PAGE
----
In this explainer, In this explainer, we will learn how to write and solve one-step multiplication and division equations in questions including word problems.

First, make sure you are familiar with the key vocabulary we will be using.

### Definition: Key Vocabulary

- Linear Equations: They are equations that give a straight line when plotted on a graph; for example,
- One-Step Equations: They are equations that only require one calculation to solve.
- Reciprocal Operations/Inverse Operations: These are operations that can undo a calculation. The reciprocal operation of adding is subtracting, the reciprocal operation of multiplying is dividing, and vice versa.
- Solving an Equation: It means Finding the value of that makes the equation true.

When solving equations, we have to remember to perform the same operation on both sides of the equal sign; otherwise, the equation will no longer be balanced. It can help to think of the equation as being on a scale. We will start with an example of solving a one-step equation by thinking about it in this way.

### Example 1: Solving One-Step Linear Equations by Balancing Both Sides

Solve .

### Answer

It helps to think of the equation as being on a pair of scales. The two sides of the equation are equal and so they balance. Any change we make to one side we also have to make to the other side to keep the scales balanced and the equation true.

To solve the equation, we want to rearrange it to get on its own on one side of the balance. To do this, we need to use a reciprocal operation to get rid of from the left side.

If we add 3 to the left-hand side, then we would have on that side which is equal to . So, the cancels with the to give us , which is what we want. But if we just did this, the scales would no longer balance. So, we add 3 to both sides.

Now that the scale is balanced, we can cancel and simplify to find the solution.

By adding 3 to both sides, we have found that the solution is

We can check that this makes sense by substituting this value of into the equation. Indeed, and this verifies that is the solution.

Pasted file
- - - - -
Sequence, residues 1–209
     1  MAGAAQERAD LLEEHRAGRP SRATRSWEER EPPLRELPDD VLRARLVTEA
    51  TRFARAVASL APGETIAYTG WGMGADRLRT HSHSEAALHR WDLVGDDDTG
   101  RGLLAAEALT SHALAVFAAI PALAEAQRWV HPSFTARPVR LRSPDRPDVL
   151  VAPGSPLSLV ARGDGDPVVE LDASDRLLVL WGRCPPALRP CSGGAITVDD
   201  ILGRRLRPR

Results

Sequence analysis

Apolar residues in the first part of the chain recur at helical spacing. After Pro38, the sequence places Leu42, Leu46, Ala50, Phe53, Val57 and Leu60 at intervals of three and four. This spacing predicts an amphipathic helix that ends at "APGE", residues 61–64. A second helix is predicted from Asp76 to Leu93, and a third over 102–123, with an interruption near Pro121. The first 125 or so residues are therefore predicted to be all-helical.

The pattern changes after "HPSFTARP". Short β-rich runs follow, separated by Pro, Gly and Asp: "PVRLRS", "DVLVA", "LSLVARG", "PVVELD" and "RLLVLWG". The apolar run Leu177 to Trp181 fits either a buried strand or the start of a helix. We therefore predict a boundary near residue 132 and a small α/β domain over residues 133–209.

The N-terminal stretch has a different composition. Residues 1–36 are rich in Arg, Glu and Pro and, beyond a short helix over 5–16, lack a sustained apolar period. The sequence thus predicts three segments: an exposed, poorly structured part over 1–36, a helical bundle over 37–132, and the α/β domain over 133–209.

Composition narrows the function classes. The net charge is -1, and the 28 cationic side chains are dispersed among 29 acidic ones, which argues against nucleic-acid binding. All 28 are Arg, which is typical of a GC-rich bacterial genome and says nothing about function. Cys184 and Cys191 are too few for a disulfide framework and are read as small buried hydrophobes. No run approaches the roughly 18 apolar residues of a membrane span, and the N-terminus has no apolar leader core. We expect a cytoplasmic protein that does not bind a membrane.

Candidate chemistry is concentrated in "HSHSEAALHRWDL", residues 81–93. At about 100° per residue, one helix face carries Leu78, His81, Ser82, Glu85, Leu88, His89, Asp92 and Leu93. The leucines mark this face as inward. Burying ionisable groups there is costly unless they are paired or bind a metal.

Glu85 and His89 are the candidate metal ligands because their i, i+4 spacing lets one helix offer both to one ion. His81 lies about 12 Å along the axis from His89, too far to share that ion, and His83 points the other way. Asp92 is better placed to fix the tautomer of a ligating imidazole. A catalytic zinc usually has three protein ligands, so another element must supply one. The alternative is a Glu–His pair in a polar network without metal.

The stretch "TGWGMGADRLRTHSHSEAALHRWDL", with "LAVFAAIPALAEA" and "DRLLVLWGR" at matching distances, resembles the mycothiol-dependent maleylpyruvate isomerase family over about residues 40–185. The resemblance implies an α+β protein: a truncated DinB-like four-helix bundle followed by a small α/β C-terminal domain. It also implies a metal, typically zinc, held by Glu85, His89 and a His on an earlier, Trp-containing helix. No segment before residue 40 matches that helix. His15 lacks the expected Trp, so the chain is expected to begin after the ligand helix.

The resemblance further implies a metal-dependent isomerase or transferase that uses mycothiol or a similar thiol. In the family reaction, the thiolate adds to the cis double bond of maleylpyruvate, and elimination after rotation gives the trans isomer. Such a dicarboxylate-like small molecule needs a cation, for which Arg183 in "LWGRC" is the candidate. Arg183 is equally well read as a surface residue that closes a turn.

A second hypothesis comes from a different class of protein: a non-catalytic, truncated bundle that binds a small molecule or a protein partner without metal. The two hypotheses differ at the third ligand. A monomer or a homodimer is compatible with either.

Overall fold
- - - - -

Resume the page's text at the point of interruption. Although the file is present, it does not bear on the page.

It is not necessary to draw the balance each time; just use the idea to help you remember to always perform the same operation on both sides. Now we will look at another example which will show you what you need to write when answering these questions.

### Example 2: Solving One-Step Linear Equations Involving Addition and Subtraction

If , then what is the value of ?

### Answer

We start by writing what we know, that

Then, we need to figure out how we can use reciprocal operations to get on its own on the left-hand side. This means that we need to cancel . Since the inverse of adding is subtracting, we will subtract 2 from both sides, so

Now, on the left-hand side, and cancel to give 0, since , and the right-hand side simplifies to 3. We have shown that

**Further Comments**

When writing a solution, you would normally be expected to write these three equations to show each step. It is also useful to make a note of the reciprocal operations you used each time.

A good answer is shown below; in the second line, we have indicated that we subtracted 2 from both sides and crossed out the terms that cancel.

Now that we have seen how to use reciprocal operations to keep our equation balanced and how to record our answers, we will look at a few more examples.

### Example 3: Solving One-Step Linear Equations Involving Addition and Subtraction

Solve .

### Answer

To get rid of on the left-hand side, we need to subtract 7 from both sides:

So, the solution is .

**Further Comments**